4.   The actual descriptions, actions, extent of plot participation of the Indians: instead of just having a bit part in the action, they play a significant and extenuated role.  They capture the suspicions and hostility of a number of the characters, thus not only showing up the innate racism and xenophobia of white Europeans, but also serving to conceal and defer the truth; they move around Yorkshire countryside, Frizinghall town, London (the world of blackmarket “antiquities,” the docks, ships), and are said to have a “modest little Indian organisation” p. 315, including white men (some of which act as agents in renting apartments in white-occupied buildings, and even in luring Luker and Godfrey) and Indians (one of which gets a job as craftsman with Luker).  Suggests an English society and space which is now much more porous to others; but also shows the efficacy and resourcefulness of these others, in so successfully negotiating a society in which their colour and culture still make them stand out.
	Most significant description of the Indians is probably Bruff’s:
He was carefully dressed in European costume.  But his swarthy complexion, his long lithe figure, and his grave and graceful politeness of manner were enough to betray his Oriental origin to any intelligent eyes that looked at him.
He might not have respected my life.  But he did what none of my own countrymen had ever done, in all my experience of them – he respected my time.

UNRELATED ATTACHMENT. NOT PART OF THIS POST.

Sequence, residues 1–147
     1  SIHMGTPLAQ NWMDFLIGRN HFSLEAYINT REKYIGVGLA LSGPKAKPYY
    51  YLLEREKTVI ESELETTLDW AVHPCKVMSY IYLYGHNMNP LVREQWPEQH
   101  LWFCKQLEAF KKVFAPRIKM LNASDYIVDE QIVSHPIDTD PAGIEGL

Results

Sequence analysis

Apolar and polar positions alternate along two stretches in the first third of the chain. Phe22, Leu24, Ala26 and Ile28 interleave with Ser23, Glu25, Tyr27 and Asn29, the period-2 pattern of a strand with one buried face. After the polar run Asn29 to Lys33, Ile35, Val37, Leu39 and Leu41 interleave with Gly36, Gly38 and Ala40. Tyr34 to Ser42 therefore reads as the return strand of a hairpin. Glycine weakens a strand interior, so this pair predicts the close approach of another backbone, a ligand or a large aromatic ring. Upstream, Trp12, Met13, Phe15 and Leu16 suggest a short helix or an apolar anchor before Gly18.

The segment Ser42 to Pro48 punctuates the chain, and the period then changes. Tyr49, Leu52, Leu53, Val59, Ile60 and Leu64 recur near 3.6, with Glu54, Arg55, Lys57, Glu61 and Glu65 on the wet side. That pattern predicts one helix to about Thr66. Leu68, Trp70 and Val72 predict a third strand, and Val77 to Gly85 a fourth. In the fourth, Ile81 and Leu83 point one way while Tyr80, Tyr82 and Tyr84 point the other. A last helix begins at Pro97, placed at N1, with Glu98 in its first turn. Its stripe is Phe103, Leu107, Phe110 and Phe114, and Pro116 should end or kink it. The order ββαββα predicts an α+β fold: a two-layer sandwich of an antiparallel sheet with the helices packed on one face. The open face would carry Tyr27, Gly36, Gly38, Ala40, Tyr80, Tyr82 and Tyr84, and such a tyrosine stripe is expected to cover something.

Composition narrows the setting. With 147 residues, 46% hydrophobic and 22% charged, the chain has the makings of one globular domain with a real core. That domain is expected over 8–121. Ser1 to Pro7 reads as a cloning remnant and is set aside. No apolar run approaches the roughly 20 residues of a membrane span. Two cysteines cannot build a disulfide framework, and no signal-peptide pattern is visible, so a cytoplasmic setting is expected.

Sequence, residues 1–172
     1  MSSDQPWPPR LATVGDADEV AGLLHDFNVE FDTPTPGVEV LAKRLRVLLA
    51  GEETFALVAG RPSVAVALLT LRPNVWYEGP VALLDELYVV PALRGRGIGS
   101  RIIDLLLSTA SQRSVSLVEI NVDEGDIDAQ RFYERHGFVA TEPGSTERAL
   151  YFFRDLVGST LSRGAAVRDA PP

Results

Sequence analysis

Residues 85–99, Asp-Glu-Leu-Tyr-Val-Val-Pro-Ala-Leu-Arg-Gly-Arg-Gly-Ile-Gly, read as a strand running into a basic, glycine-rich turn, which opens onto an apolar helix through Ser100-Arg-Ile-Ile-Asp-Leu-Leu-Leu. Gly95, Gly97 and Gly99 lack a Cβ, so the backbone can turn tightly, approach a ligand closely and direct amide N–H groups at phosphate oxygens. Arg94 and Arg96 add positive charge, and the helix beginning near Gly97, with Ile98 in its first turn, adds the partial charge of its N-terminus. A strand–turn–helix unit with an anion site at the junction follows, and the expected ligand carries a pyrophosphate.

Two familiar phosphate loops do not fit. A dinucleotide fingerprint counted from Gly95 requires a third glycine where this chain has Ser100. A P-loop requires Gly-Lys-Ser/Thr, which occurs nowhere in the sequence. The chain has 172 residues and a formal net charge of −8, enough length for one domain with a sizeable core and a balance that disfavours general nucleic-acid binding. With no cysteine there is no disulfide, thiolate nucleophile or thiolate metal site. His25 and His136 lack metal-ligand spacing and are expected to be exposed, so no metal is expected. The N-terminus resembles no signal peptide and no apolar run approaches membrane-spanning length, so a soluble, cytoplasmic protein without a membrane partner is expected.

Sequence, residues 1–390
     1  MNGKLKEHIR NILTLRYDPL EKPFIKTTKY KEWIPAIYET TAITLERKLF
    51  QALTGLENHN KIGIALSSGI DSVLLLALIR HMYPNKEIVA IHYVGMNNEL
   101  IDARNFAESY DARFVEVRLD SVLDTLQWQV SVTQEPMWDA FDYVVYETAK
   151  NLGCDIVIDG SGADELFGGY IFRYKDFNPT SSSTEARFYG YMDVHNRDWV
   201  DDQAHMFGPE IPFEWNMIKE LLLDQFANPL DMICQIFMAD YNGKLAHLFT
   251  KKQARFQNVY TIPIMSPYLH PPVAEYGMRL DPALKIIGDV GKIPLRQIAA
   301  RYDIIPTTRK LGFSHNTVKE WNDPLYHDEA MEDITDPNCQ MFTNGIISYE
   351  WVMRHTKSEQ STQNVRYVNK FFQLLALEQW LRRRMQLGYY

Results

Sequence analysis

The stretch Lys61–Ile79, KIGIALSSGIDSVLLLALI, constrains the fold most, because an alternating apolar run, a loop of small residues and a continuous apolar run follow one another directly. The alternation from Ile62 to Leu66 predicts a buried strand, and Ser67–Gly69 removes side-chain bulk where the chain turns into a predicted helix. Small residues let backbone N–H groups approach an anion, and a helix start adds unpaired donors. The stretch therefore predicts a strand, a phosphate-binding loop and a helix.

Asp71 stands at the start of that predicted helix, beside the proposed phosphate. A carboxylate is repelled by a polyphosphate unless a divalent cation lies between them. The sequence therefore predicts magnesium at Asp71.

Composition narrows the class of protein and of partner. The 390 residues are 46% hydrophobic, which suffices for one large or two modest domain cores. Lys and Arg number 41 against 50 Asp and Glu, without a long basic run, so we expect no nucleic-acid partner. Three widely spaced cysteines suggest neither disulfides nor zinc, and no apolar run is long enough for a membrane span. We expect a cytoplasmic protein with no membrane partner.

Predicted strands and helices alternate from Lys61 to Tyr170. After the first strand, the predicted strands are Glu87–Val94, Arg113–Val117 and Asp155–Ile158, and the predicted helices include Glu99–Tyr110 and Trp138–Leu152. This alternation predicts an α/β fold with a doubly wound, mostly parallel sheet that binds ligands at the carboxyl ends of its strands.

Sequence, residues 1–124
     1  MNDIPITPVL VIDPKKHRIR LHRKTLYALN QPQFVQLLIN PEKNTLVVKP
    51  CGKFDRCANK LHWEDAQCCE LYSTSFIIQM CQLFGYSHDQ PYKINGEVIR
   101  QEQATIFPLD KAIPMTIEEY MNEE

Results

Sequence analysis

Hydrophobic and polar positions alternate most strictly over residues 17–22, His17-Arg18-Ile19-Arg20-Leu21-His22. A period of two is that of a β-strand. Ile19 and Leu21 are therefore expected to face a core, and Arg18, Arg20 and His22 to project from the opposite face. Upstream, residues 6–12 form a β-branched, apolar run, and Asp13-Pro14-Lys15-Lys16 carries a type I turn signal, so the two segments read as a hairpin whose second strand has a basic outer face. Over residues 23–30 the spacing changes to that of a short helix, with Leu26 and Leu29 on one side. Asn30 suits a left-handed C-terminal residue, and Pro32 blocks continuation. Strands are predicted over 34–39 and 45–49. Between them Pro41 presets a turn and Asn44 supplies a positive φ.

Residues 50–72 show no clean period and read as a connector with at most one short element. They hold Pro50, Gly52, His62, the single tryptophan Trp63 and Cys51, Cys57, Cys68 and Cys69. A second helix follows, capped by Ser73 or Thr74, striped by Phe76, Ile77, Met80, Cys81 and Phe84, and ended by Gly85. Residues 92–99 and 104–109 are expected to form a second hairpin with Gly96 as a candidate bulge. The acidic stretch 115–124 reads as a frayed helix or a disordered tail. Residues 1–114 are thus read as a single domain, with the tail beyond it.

Mr Luker was, in every respect, such an inferior creature to the Indian… (pp. 309-311)
5.   Indians and other “Others”: instead of being isolated for ridicule or bit roles, the Indians thus come to play a larger symbolic significance in the novel: they show a network of social relations, of those considered marginal, oppressed, “other” within white MC English society.  Quite apart from the Indians’ little “organisation” for the purposes of restoring the diamond, there are all kinds of other positional affinities with other characters: Ezra Jennings has some “foreign blood” and was born in one of England’s colonies (racial hybridity) – like Franklin he is the victim of slander, but while Franklin is young, rich and attractive, Ezra’s appearance (which is in part a matter of colour – his “gypsy” complexion and “piebald” hair) and station in life make him a victim of social prejudices and hierarchies like the Indians.  Similarly Limping Lucy, Rosanna Spearman, even Miss Clack to a certain extent – all in dependent positions, all arguably exploited by white MC male society.  All share characteristics of social stigmatization – being cast in an inferior, suspect and powerless position, simply by virtue of appearance and background.  All in a sense are stories and careers of loss – losing some material thing, partly as the result of exploitation by their social superiors (Rosanna’s mother is jilted by her “gentleman,” and then she is treated indifferently by Franklin, whereas he pays attention to attractive servants like Penelope and Candy’s maid, and of course to Rachel; Lucy loses her dream of an independent life with Rosanna; Ezra’s “scandal” is unspecified, but scandal usually involves social position, and may have to do with his birth; Clack loses all social standing when her father becomes bankrupt, and the rest of her story is an attempt to recover some kind of significance or relevance), which profoundly affects their self worth and impels them in a quest for the recovery of their identities, usually with tragic or violent consequences (Rosanna dies, Lucy is bereft and on the brink of madness, Ezra dies alone and heartbroken, the Indians commit murder and spend the rest of their lives in exile).